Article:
AWARDSLINE: When you first started seeing the American Horror Story scripts, did you suspect the role of Constance could be Emmy-worthy?
LANGE: I didn’t really know what to think. We were shooting really fast, so I don’t think anybody was thinking about the outcome as much as the process of getting through it. This was the first time I’d ever done this kind of television — a miniseries — and not being all that familiar with the world of TV, I didn’t have any frame of reference. So when the performances started getting recognition, yes, it did kind of surprise me. I mean, I knew how good the writing was, and I knew there was a great deal that I could do with it — it’s a big character with a huge range of emotions.
RELATED: EMMYS: Movie/Miniseries Overview
EXCLUSIVE: The last big part in the upcoming second season of FX’s American Horror Story has been cast. Oscar nominee James Cromwell is in negotiations to join Ryan Murphy and Brad Falchuk’s hit anthology series …
Diane Haithman is contributing to Deadline‘s TV coverage.
UPDATED: Three more American Horror cast members from Season 1, regular Evan Peters and recurring Sarah Paulson and Lily Rabe, will return for the anthology series’ second season as regulars. They will join Jessica Lange and Zachary Quinto, all playing new characters in a new setting at a East Coast institution. AHS co-creator/executive producer Ryan Murphy made the announcement during the show’s PaleyFest panel, held at the packed Saban Theatre in Beverly Hills. “We don’t want to talk about it too much, we’re still writing, anybody could pop up at any time,” he said. He didn’t want to elaborate on the returning actors’ new characters, saying only that “everyone is playing the opposite of what they played before.” As for the second season as a whole, “The only real rule on this show is no werewolves and no vampires,” Murphy quipped.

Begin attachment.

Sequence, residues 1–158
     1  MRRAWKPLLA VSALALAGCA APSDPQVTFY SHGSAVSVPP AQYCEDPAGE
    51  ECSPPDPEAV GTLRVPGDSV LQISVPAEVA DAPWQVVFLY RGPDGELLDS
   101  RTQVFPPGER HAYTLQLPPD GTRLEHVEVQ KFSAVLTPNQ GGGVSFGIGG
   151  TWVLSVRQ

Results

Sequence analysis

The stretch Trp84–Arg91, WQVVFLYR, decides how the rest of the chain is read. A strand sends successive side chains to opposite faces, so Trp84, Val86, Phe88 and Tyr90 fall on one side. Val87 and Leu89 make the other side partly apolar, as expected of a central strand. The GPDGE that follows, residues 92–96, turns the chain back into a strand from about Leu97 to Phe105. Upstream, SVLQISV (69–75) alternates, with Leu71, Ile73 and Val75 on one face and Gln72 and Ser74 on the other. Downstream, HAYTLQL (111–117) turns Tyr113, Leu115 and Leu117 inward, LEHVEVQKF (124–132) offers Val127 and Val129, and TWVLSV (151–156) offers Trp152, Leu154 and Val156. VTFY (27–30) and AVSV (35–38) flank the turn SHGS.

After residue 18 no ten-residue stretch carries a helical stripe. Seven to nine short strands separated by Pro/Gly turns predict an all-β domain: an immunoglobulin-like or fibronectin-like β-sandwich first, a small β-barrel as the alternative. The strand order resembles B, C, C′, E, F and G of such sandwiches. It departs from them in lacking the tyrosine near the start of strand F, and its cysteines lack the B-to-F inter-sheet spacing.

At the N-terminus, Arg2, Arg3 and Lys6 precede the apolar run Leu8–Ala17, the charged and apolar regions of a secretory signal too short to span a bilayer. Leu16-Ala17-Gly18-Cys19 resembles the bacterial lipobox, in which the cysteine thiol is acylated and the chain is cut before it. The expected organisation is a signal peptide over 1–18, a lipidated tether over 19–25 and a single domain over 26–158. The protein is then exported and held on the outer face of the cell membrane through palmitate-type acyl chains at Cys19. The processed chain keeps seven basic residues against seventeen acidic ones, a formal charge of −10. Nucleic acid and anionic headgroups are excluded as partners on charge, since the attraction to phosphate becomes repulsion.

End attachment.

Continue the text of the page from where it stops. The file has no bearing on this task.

EXCLUSIVE: Another key piece of the upcoming second season of FX’s hit drama series American Horror Story has fallen into place. Zachary Quinto, who did a scene-stealing four-episode arc on the first season of the Ryan Murphy/Brad Falchuk drama as the Harmon house’s doomed former co-owner Chad Warwick, will be back as a series regular in Season 2, joining Jessica Lange. Like Lange, he will play a brand new character next season, which is set at an East Coast institution. What’s more, I have learned that Quinto will play one of two male leads and the nemesis to Lange’s character, which will be at the center of the Season 2 storyline. The part is sure to draw parallels to Quinto’s breakout role as uber-villain Syler on Heroes.
While Lange had been expected to return — she confirmed ongoing negotiations at the Golden Globes and the SAG Awards, where she won for her performance on the show, Quinto’s return had been kept under wraps until now. Quinto and Murphy are friends; that’s how Quinto’s original stint on the show came about. After the critical praise Quinto received for his arc, he was open to coming back. “I had an amazing time and I only did four episodes of the season, so it was just a little bit of an appetizer for me; I would love to work more,” he said in an online interview last month. An anthology series like AHS is perfectly suited for Quinto, who wants to keep a hand in television but, busy as an actor and producer on the feature side, can’t make the 5-6-year commitment required on a regular series.